I flew out to San Francisco last week to spend some time with my children, Henry and Alice. Alice lives there and Henry was visiting from London. Alice works for Geographic Expeditions, a high end travel company, and made in depth itineraries for both of us, Henry’s covering one extra day as he arrived earlier than me. On Wednesday morning, I was kitted out with a bicycle, my son already had his, and we biked across the Golden Gate Bridge.

Death by bicycle can occur in several ways. One is by falling in front of or being hit by a motorized vehicle. The other is through sheer exhaustion. I bicycle in New York City, but this is a flat city, more or less, and hills can be avoided. So when you aren’t used to using your quadriceps, you have to draw on something else, usually your essential life force. That being said, when you use essential life force for something as trivial as one or two steep hills on a bicycle, you are opening the door to malady. In my case, I got sinusitis.

The lack of essence had me in bed Friday morning, foregoing a day on the slopes skiing with my children. By Saturday, however, drugged up with decongestants, etc., I was out there, knowing that more essential life force was being squandered. I just had to watch them ski, both of them are justifiably good skiers these days which is saying something given the paucity of instruction in their youths. In any case, I am now getting over bronchitis because of those nasty California hills navigated on a bicycle. I only have one question. Did those children of mine do it on purpose?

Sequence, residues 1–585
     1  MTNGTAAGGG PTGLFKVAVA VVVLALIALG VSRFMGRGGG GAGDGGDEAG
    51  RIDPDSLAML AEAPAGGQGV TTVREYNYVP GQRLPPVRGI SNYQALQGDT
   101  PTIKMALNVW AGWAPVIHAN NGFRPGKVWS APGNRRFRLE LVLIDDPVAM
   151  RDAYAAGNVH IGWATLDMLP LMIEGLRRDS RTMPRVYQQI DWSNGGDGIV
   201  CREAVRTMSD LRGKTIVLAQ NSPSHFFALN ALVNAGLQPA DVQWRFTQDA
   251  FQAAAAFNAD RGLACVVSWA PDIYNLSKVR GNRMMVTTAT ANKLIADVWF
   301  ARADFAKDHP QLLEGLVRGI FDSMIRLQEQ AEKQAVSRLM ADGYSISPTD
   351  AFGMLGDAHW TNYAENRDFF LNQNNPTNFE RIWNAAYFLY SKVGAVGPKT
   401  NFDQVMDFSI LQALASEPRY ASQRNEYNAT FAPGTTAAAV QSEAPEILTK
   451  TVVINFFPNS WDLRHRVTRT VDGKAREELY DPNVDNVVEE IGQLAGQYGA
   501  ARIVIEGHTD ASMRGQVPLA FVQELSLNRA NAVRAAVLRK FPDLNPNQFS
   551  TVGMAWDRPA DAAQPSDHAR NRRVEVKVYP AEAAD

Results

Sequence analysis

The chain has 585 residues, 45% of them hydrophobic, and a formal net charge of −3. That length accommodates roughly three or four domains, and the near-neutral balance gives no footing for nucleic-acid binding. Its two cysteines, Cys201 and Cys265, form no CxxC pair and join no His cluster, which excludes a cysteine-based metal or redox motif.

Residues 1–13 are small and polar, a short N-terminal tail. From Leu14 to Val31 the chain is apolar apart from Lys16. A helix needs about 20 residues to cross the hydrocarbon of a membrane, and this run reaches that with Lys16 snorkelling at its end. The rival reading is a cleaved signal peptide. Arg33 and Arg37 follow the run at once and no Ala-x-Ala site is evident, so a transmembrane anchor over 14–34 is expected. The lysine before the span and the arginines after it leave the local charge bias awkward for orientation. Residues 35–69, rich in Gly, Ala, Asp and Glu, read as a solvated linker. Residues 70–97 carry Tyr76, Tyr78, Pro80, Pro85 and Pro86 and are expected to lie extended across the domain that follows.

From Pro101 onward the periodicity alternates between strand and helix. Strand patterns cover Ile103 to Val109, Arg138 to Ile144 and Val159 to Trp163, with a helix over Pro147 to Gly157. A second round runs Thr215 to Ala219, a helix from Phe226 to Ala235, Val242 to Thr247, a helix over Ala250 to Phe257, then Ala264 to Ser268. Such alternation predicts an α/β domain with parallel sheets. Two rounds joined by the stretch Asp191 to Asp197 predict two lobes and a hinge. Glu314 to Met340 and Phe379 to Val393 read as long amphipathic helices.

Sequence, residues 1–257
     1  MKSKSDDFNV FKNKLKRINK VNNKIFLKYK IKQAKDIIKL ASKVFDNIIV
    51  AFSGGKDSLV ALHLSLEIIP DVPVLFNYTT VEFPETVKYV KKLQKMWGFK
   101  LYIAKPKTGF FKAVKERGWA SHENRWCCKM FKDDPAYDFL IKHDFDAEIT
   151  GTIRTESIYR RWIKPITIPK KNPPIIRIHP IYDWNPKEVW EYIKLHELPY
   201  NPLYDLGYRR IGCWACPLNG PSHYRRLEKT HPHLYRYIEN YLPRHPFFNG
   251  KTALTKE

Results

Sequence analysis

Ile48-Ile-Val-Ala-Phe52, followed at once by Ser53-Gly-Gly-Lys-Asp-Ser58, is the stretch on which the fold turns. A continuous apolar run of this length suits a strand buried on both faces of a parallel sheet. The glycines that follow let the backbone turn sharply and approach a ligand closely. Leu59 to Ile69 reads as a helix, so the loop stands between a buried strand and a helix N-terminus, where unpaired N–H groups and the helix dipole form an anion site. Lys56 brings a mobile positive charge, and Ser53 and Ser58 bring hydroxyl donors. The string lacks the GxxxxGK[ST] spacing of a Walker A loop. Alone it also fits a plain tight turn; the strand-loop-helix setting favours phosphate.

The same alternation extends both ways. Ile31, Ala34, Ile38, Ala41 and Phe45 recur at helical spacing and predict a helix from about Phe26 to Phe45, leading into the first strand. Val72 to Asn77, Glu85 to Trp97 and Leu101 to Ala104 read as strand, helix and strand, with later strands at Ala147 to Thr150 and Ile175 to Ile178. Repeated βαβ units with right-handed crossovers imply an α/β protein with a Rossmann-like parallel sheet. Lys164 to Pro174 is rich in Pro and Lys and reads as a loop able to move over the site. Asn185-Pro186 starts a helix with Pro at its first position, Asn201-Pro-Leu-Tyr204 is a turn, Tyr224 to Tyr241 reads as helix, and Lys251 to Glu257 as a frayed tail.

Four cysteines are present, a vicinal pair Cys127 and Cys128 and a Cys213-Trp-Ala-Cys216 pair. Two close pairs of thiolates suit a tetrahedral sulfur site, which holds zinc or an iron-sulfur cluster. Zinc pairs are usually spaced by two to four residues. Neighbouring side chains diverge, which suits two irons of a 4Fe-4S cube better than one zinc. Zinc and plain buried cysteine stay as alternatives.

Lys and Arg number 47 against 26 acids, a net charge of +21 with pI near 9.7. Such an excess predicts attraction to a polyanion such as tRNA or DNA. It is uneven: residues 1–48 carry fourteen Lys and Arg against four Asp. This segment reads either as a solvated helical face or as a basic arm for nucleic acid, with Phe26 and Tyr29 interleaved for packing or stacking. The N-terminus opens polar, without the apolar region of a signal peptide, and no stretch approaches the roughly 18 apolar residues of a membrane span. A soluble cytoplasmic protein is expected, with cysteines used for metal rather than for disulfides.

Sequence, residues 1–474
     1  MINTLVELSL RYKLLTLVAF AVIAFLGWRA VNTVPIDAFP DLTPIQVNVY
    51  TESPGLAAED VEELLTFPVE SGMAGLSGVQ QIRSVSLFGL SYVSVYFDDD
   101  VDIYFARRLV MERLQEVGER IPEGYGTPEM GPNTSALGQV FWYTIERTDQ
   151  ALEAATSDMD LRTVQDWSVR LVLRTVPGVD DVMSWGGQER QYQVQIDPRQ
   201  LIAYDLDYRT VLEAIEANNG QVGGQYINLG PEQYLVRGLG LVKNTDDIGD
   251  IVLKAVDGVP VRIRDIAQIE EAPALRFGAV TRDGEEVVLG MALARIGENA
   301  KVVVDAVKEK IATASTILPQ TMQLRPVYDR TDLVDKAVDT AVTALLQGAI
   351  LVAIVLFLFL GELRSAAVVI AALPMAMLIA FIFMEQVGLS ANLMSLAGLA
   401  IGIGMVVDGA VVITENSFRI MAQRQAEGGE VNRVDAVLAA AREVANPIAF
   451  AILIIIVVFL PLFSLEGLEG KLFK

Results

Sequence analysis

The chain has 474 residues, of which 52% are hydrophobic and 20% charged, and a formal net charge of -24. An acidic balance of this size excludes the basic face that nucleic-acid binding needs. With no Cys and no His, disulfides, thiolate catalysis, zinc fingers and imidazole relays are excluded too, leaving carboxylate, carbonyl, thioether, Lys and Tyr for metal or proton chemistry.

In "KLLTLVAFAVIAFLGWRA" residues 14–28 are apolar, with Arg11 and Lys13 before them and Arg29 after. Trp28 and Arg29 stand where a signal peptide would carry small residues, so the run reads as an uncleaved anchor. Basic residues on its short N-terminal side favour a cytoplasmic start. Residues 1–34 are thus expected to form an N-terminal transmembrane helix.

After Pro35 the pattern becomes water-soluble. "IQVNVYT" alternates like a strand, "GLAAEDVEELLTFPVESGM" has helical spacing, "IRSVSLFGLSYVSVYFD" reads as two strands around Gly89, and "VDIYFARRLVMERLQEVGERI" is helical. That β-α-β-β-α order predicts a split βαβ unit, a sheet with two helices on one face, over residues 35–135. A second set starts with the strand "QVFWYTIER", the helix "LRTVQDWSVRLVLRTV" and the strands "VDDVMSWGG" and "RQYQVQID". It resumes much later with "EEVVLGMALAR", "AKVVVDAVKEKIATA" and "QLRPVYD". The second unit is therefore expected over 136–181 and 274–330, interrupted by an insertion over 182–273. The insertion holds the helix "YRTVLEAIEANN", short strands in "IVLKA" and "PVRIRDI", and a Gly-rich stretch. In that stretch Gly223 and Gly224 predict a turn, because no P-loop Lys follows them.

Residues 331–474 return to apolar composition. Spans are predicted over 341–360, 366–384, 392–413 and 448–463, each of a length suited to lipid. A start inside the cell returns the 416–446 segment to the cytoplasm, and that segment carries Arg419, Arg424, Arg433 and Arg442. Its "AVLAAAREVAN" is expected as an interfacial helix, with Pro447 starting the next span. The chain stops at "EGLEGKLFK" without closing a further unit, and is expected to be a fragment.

My father’s mother had a terrific attic. It was accessed by stairs that pulled down from the ceiling in a long hallway. My grandfather must have built them as they are far sturdier than the modern pull down steps. In any case, my grandmother traveled with an uncle who was an admiral in the British navy the year she turned 21 which was in 1900. They visited, among other places, Japan and China where she must have purchased the photos of both Tokyo and Shanghai that I once saw in her attic. I see similar photos for sale in antiques shows selling for thousands of dollars.

The desire to save things is usually weighted by the ability to store them. Why things are placed in storage is another subject for another day as it is the riddance urge that interests me. Why the term “junk” is indiscriminately applied to things that have been stored is beyond me and it is this clarion call that has second hand dealers on the qui vive. The stories are legend about what attics have held, including that Chinese pot that sold for sixty-five million pounds several years ago (was it ever paid for) not to mention countless other valuables that have emerged from relative obscurity. But what about the junk? Is it junk or is everything that has been saved valuable in some form or another? That is a tough question.

I have pulled furniture out of attics, barns and basements that were quite wonderful. Whenever I see a perfectly good piece of furniture on the streets of New York, my instinct is to salvage. But I have no storage so I resist the urge. In regards to my grandmother’s attic, the photos of Japan and China disappeared. I lament this from the point of view that those photographs, even though she was not in them, represent a time of her life, one that happens to have been over a hundred years ago. This is what attics are really good for, retaining a sliver of someone’s experience that has gone before. They are a window on the past. It could be that even today’s newspaper has that kind of memory when looked at 100 years from now. So what is junk after all?